As you may have noticed, the hubs and I don’t really stay in one place when we travel. I blame it on New York. If we can live in four different apartments in five years, then why can’t we stay in five different hotels over the course of ten days?
The first hotel of our Costa Rican getaway was Finca Rosa Blanca. Having just googled a literal translation, I’m pretty confused as to why it’s telling me this means “white rose farm” in Spanish. In reality, Finca Rosa Blanca is a coffee plantation. Also, there is a very real chance that this was explained at some point during our stay BUT I tend to get distracted and lose focus when there are a lot of bright colors.
Assuming there’s not a logical explanation, I can assure you: this is the only way Finca Rosa Blanca misrepresents itself. Everything about our short stay set the tone for the next eight days of our trip.
We chose the hotel because it was a short drive from the airport and Hertz, which did make me nervous. I had an irrational vision of us behind a chainlink fence in the middle of San Jose. Though the reviews were positive, I still felt like I wasn’t exactly sure what to expect…
Upon arrival, I realized this couldn’t have been further from the truth. Though we weren’t in the middle of nowhere, we were just far enough away from the city to know this was Costa Rica’s version of the ‘burbs.
We were led to our room, which was located in what used to be the main hotel. They’ve since built multiple villas around the central building, and having met a family staying in one such villa, it sounds like the perfect option for a small family.
The original hotel.
Our room was called La Piedra, which, it was explained, means “the stone.” Really, our Spanish is so bad that they literally could have told us whatever they wanted. Wish I was joking.
La Piedra was an obvious favorite among staff, but our bellman told us they have a different name for the room. “You two are the Flintstones now! This is Bedrock!”
I was a little concerned (this doesn’t seem like an ideal showering situation for any of the involved parties), and we were even more wary when he refused to explain why. He seemed to be laughing at us when he said, “Find me later and let me know if you figure it out.”
If you know the hubs and I at all, you know that we’re not really that into riddles. He’s better than I am, and that’s saying, ummmm… nothing. SO, we were seriously relieved when we finally figured it out…
Clockwise from top: the entrance into the main house; the sitting room of La Piedra;
OH HEY, a bedrock!
Get it? The bed was literally floating on a rock. A bedrock! I’m spelling it out for you so you don’t feel as dense as we did.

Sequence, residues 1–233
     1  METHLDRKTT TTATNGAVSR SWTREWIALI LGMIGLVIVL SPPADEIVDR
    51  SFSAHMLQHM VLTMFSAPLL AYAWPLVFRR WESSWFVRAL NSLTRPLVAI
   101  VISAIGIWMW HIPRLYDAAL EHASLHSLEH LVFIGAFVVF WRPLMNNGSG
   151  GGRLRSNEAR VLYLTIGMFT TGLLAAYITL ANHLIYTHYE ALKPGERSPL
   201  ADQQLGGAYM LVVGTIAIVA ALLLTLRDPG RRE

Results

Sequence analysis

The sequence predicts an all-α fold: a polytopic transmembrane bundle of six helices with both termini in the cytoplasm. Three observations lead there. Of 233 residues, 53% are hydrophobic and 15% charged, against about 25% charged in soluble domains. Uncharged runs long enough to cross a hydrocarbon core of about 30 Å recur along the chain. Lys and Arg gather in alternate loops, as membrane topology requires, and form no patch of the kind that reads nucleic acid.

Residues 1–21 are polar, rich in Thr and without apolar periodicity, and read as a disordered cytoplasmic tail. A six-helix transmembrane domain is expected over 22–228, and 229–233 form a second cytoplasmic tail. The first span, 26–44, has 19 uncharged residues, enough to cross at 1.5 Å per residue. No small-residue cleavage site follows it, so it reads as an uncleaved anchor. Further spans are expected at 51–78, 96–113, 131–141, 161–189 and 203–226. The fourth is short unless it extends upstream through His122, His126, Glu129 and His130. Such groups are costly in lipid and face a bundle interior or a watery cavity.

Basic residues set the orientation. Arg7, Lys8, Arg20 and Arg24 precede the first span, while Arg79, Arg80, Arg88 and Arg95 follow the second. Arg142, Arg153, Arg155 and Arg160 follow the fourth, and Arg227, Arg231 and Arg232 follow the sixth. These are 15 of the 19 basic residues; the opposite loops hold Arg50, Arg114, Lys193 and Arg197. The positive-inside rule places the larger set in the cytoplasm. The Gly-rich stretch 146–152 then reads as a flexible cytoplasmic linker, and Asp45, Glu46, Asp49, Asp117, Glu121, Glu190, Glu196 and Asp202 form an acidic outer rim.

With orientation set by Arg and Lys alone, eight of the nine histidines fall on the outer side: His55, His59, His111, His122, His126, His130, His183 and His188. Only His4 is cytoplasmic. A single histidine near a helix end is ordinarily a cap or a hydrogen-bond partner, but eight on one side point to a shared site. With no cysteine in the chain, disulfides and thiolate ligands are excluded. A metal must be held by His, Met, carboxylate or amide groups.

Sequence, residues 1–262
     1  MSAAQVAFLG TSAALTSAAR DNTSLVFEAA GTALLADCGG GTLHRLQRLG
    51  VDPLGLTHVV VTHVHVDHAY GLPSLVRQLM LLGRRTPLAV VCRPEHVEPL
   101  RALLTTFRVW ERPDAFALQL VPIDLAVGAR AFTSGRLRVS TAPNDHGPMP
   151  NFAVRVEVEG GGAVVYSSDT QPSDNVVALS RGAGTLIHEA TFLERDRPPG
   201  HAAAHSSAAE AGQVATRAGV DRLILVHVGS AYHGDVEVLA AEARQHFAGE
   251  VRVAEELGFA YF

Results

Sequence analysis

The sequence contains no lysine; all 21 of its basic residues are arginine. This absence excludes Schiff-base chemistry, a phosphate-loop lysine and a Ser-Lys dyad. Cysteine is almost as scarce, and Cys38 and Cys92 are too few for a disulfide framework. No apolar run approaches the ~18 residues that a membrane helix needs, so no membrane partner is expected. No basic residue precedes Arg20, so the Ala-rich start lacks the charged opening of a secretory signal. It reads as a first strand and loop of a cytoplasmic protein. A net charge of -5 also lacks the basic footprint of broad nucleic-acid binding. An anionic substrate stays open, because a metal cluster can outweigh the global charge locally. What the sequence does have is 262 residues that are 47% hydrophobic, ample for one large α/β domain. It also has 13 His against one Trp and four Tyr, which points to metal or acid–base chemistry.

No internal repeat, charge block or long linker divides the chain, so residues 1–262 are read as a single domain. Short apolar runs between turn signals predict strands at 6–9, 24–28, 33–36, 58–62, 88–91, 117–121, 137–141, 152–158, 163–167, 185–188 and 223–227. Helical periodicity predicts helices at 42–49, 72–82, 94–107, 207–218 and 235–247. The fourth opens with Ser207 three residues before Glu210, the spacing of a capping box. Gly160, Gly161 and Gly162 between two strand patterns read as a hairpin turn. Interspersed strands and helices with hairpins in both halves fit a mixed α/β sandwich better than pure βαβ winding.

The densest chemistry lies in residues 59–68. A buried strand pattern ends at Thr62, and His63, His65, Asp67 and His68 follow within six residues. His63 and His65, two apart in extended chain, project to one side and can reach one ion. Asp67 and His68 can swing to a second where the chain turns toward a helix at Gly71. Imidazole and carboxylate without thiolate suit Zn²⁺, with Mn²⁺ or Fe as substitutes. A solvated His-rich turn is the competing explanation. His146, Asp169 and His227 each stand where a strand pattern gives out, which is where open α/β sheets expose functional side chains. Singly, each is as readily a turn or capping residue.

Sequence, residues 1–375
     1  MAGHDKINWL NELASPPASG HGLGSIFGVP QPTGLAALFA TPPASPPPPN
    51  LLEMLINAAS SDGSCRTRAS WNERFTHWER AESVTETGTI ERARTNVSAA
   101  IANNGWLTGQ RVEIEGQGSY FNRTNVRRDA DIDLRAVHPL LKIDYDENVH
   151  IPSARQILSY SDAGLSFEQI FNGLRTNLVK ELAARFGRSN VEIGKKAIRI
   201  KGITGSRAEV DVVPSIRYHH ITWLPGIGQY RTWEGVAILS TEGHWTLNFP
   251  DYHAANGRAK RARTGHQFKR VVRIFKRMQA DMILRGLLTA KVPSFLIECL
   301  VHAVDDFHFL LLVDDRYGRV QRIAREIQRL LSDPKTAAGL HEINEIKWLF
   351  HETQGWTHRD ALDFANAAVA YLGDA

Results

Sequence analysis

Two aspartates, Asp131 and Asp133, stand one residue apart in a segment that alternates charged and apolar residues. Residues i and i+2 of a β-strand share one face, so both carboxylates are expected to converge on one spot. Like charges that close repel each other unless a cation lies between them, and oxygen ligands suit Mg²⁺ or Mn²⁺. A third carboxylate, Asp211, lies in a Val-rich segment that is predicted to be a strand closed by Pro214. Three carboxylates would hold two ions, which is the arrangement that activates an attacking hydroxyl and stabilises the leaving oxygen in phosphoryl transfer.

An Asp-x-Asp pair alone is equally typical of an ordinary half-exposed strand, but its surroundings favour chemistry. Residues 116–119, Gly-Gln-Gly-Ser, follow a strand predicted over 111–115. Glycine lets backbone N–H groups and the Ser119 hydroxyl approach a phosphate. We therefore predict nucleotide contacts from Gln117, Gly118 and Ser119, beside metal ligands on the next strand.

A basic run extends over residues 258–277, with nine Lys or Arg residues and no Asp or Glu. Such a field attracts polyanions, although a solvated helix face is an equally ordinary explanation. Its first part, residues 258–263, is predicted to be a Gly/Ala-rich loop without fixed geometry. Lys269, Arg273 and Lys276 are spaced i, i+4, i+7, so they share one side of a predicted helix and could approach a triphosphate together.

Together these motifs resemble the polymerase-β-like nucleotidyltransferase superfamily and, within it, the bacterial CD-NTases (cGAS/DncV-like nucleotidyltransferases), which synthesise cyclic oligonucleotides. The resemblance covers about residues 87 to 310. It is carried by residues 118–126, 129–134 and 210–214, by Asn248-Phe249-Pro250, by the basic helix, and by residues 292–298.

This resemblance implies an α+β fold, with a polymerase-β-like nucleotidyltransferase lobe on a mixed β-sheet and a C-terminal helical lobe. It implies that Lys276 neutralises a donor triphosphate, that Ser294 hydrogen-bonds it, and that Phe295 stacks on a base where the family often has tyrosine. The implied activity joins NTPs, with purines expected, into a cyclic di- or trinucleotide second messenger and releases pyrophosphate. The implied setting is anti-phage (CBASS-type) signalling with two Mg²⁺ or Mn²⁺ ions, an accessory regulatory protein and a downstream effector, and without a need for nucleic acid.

Along with a perfectly sized sitting room and bedroom, we also had our own private terrace with a view of the Central Valley and eventually, our first Costa Rican sunset:
The food at Finca ended up being some of the best we had on our trip, which I seriously was not expecting. Fruit from the on-site orchards and coffee from the on-site plantation made El Tigre Vestido Restaurant and Bar Buho hard to beat. I mean, this was my first meal:
The hotel also boasted a small but well-kept pool (that we unfortunately didn’t get a chance to experience):
And the grounds really felt like our first official run-in with the rainforest. This was the view from our front door:
The Coffee Plantation
This is clearly the biggest draw of Finca Rosa, and the coffee plantation tour is their prized jewel. Along with fresh coffee every morning (or night), we couldn’t pass up the official tour.
Joined by an adorable family of five from Chicago and led by Finca’s extremely knowledgable guide, Manolo, we learned about the entire process: from the history of coffee as it got its start in Ethiopia and eventually made its way to Costa Rica to the growth and harvesting of the “cherries” by their very own coffee specialist, Guillermo.
Clockwise from top: a caterpillar doing his job & hanging out on a coffee plant; coffee “cherries” just getting started; a mini waterfall on our hike through the plantation
We didn’t get a glimpse of the master himself as it was not coffee season, but let me tell you: he is the man, the myth, and the legend when it comes to Finca Rosa Blanca coffee harvesting. Really, though, Manolo deserves his own accolades. He managed to make a coffee plantation extremely interesting to everyone from a father of three to me, an occasional coffee drinker at best, to two teenage boys who were ready to eat anything Manolo handed them during the hike.
Top left: pre-shelled coffee beans; bottom left: post-shelling; right: ground and ready for brewing
Though I was excited to see more of Costa Rica after our night at Finca Rosa, I have to admit: I was sad to leave. It was the perfect place to snap me out of my over-worked brain and into vacation mode, and its close proximity to the San Jose airport made it the ideal stop before we departed for our first leg of SERIOUS Costa Rican driving.